Who or what made you want to become an illustrator?
I knew from a very early age that I wanted to be an artist and as a child I was forever scribbling away. I also loved reading and I can still remember some of the wonderful illustrations I saw in a huge book of fairy tales by The Brothers Grimm.
I have illustrated a lot of fairy tales and I would love to think a child somewhere might be as smitten with one of my illustrations as I was so many years ago.
How and why did you decide to pursue illustration as your career?
My first job after art college was designing postage stamps for the Commonwealth countries. Later I moved to a studio designing t-shirts and packaging before freelancing as a greetings card designer. But I always loved the idea of illustrating books so I wrote and illustrated a couple of stories and sent them to a book company and that was the start of my career as a children's book illustrator which has now stretched over 35 happy years and allowed me to illustrate over 600 titles.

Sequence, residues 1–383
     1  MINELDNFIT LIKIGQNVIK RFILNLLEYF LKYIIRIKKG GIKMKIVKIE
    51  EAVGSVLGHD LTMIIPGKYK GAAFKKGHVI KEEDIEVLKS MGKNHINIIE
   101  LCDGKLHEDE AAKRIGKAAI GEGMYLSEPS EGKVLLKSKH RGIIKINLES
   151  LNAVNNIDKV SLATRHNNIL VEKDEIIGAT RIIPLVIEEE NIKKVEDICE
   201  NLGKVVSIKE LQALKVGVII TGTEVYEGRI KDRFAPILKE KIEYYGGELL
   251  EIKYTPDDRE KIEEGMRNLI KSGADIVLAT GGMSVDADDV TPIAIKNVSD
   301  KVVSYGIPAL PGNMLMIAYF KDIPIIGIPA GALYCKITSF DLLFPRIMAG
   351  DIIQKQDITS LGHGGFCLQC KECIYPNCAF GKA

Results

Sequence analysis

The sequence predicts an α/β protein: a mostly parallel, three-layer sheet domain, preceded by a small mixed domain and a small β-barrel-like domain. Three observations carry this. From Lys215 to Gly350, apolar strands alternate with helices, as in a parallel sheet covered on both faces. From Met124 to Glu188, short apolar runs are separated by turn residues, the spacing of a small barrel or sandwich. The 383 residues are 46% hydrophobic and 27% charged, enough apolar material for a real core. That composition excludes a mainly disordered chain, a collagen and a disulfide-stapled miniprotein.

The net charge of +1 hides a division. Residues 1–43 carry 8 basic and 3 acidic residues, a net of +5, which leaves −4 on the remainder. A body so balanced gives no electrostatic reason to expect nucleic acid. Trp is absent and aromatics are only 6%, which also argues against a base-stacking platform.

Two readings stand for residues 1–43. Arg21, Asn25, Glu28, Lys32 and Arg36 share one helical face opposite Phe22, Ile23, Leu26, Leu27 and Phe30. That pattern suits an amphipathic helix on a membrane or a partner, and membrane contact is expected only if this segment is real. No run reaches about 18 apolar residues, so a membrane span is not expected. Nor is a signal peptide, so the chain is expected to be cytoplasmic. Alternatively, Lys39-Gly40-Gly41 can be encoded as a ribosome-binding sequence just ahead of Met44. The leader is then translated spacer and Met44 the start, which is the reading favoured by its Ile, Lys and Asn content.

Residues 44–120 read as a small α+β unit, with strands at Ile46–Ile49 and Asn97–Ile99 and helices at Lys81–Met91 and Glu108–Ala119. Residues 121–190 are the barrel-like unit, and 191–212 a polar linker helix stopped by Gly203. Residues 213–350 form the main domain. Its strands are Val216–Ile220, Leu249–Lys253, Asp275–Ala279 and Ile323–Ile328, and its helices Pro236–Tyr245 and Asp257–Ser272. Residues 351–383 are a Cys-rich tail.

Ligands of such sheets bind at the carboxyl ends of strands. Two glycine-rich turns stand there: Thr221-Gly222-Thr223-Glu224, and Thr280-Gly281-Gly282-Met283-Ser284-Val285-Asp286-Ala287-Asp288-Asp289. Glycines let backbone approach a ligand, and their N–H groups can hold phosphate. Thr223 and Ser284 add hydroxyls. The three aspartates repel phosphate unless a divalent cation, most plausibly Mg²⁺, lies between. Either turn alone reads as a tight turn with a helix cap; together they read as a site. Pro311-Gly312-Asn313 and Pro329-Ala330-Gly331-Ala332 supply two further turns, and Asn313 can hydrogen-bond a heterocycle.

How many times do you tend to draw a character until you are happy with it?
When I begin a new book I start by sketching the character in a variety of poses. The initial drawings are very sketchy but I build on the images and refine the drawings until I have characters I'm happy with. I also do a thumbnail of the background with the characters positions marked out then everything is scanned into Photoshop so I can play around with the composition.
Which project has been most instrumental in developing your personal style?
The creative advice and support I received whilst illustrating 6 titles for Little Tiger Publishing was enormously helpful in my development as an illustrator. My first book with them was 'The Very Noisy Jungle'.
Do you offer more than one style, if so – talk us through the different approaches and the audience you are targeting for each.
I'm lucky to have worked for a number of publishers and it's good to build a relationship with each of them. Some I will work with for only one book and others with many books over many years.,Occassionally some publishers suggest new styles for me to try. This is really exciting and has allowed me to discover and add variety to my portfolio, so I have a number of options to offer.
What advice would you offer someone just starting out as a children’s illustrator?
For anyone starting out as an illustrator I would say read the brief really carefully, ask questions if unsure about anything and never ever miss a deadline. And enjoy yourself because this is one of the most fun jobs in the world.